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The Thief of Bagdad (1924)

7.9
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Ratings: 7.9/10 from 3,310 users  
Reviews: 43 user | 50 critic

A recalcitrant thief vies with a duplicitous Mongol ruler for the hand of a beautiful princess.

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(scenario editor), (story), 2 more credits »
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Title: The Thief of Bagdad (1924)

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After being tricked and cast out of Bagdad by the evil Jaffar, King Ahmad joins forces with a thief named Abu to reclaim his throne, the city, and the Princess he loves.

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Cast

Complete credited cast:
...
The Thief of Bagdad
Snitz Edwards ...
His Evil Associate
Charles Belcher ...
The Holy Man
Julanne Johnston ...
The Princess
Sôjin Kamiyama ...
The Mongol Prince (as Sojin)
...
The Mongol Slave
Brandon Hurst ...
The Caliph
Tote Du Crow ...
The Soothsayer
Noble Johnson ...
The Indian Prince
Edit

Storyline

A thief falls in love with the Caliph of Bagdad's daughter. The Caliph will give her hand to the suitor that brings back the rarest treasure after seven moons. The thief sets off on a magical journey while, unbeknownst to him, another suitor, the Prince of the Mongols, is not playing by the rules... Written by Erik Gregersen <erik@astro.as.utexas.edu>

Plot Summary | Add Synopsis

Plot Keywords:

thief | suitor | princess | magic | treasure | See more »


Certificate:

Approved | See all certifications »
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Details

Country:

Release Date:

23 March 1924 (USA)  »

Also Known As:

Der Dieb von Bagdad  »

Box Office

Budget:

$2,000,000 (estimated)
 »

Company Credits

Show detailed on  »

Technical Specs

Runtime:

| (DVD)

Sound Mix:

Color:

(tinted)

Aspect Ratio:

1.33 : 1
See  »
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Did You Know?

Trivia

For the early scene where the Thief leaps in and out of the giant clay pots in the marketplace, Douglas Fairbanks had small trampolines placed inside each pot, allowing him to bounce easily from pot to pot. See more »

Goofs

When the guards prevent The Thief, carrying his friend on his head, from entering the gates, they completely disappear in the next shot after the gates are closed. See more »

Connections

Remade as The Thief of Baghdad (1978) See more »

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User Reviews

The beginning point of the modern action-adventure film...

"The Thief of Bagdad" was my first introduction to Douglas Fairbanks Sr. and, as first impressions go, I've not been this impressed with an old-time film star since I watched Fairbanks' cinematic successor, Errol Flynn, begin creating his own legend in "Captain Blood".

The imagination and power of the visual design of the sets by Raoul Walsh make a nice complement for Fairbanks' script. Having read some of the original material from Sir Richard Burton's unexpurgiated translation of the Arabian Nights (that is, the uncensored, unwatered-down version that most of the general public is familiar with), I can honestly say that, while this story is in none of the tales I read, it would have been a perfect fit within Scherazade's many fantastic tales of moral instruction. The language, the situations, the magical artifacts, the transformation of a callow youth into a great (if still wily and underhanded) hero...they all so accurately reflect the atmosphere of those wondrous tales that I have read and enjoyed.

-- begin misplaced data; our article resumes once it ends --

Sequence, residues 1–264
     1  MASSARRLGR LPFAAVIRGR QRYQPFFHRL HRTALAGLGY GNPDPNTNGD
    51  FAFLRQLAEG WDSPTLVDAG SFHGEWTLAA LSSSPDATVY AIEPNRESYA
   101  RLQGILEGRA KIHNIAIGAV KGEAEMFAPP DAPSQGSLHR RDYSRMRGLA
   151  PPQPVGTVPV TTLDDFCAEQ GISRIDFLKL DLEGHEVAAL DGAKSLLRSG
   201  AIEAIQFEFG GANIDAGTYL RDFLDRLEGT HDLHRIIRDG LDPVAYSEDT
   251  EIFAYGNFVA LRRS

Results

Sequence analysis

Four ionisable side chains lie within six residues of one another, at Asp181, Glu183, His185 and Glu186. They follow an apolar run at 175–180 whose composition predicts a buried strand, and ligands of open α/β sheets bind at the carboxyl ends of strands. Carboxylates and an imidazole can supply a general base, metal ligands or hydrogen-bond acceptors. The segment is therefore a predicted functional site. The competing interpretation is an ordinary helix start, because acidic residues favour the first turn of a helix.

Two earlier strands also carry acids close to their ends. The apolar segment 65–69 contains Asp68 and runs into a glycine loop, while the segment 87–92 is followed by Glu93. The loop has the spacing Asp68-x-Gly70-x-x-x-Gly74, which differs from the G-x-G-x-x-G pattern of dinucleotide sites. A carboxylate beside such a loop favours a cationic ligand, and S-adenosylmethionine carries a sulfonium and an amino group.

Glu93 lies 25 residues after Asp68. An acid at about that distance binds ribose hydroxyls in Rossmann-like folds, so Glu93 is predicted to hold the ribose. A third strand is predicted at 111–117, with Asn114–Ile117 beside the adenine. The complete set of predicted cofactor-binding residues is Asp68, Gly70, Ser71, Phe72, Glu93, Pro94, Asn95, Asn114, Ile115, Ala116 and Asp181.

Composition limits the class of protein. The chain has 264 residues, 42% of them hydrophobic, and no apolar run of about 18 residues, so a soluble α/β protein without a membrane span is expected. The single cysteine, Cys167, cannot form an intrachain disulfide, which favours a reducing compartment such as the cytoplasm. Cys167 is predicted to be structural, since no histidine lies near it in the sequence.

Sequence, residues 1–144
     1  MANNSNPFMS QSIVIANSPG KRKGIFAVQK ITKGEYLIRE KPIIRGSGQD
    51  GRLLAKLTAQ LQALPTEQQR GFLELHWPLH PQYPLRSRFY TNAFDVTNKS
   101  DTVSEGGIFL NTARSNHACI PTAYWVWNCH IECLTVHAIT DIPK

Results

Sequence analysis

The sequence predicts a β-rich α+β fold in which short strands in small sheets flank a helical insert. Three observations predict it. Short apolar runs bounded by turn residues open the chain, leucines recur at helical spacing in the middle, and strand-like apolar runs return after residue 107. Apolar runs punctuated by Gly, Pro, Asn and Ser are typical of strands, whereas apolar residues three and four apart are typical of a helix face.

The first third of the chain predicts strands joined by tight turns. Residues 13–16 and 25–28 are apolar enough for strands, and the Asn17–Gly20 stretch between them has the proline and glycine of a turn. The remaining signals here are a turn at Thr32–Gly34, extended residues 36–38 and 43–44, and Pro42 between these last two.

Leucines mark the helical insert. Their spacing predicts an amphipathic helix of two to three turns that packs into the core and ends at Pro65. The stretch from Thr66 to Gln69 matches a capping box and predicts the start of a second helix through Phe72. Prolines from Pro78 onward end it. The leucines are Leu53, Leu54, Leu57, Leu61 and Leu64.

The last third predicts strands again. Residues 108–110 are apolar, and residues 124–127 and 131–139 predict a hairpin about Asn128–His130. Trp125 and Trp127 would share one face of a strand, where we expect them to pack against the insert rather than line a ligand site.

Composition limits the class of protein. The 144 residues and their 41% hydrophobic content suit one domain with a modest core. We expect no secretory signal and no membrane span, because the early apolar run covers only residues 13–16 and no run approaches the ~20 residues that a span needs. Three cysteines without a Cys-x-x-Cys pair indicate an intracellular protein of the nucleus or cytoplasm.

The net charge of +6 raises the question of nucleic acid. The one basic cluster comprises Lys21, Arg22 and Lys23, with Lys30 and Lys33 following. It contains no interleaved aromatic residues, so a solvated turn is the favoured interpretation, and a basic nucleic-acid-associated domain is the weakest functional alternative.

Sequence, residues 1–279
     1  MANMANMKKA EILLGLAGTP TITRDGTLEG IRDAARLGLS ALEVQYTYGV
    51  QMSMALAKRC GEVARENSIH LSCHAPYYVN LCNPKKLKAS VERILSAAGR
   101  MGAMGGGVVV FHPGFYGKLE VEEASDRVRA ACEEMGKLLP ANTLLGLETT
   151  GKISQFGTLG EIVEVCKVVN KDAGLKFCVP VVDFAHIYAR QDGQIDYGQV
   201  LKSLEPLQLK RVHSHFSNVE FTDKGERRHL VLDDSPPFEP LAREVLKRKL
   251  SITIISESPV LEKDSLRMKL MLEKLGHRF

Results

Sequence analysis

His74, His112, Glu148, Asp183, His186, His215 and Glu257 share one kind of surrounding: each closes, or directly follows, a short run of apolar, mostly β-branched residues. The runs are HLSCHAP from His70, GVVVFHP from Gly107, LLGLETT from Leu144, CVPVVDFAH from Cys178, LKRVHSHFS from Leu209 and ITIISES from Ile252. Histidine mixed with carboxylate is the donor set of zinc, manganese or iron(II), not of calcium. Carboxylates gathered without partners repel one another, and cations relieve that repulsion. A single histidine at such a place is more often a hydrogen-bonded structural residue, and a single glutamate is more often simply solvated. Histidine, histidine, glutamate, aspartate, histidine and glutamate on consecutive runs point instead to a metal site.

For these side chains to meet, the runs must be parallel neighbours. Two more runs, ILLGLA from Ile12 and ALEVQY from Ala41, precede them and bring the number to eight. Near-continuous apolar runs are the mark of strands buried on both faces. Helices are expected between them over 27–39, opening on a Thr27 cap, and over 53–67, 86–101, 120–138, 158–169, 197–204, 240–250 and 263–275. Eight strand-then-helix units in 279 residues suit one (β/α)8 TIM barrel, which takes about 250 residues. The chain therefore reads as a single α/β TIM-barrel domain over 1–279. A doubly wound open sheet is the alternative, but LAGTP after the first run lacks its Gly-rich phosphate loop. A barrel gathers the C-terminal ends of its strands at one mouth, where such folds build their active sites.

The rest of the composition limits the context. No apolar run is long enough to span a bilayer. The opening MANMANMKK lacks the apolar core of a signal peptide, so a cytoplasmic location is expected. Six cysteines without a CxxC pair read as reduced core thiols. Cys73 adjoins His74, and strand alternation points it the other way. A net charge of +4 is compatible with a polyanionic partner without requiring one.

As for Fairbanks himself, well...is there any red-blooded American boy who HASN'T wanted to be like him? Maybe the boys of today wouldn't recognize the name, but five bucks says that they would definitely recognize the attitude and the style. Charming, smart, irresistable to women, tough enough to take on the bad guys, gifted with a physique that borders on the unbelievable...he's every boy's greatest heroic fantasy come true.

All that said, another reason "The Thief of Bagdad" is important AND fun is because it really marks the starting point for the modern genre of action-adventure films. The use of humor is extensive (my favorite bit being Fairbank's method of "touching" a particular bush), helping keep things from becoming TOO serious for it's own good. Then there's the use of special effects, some very hokey by today's standards, but probably state-of-the-art for it's time and still very impressive, considering the time period this film was made. There's also the touch of romance that helps sweeten the tone. Though subsequent offerings have not had as deft a touch as this film does, this would be a logical beginning to that tradition. Finally, there's the final confrontation between the protagonist and antagonist, but I truly doubt that anyone has ever come up with a showdown that relied more on brains than brawn as this one.

Don't let the age of this film offput you. Like it's inspiration, it weaves Scherazade's song with a melody that has yet to be outdone (though it has been matched during subsequent decades).


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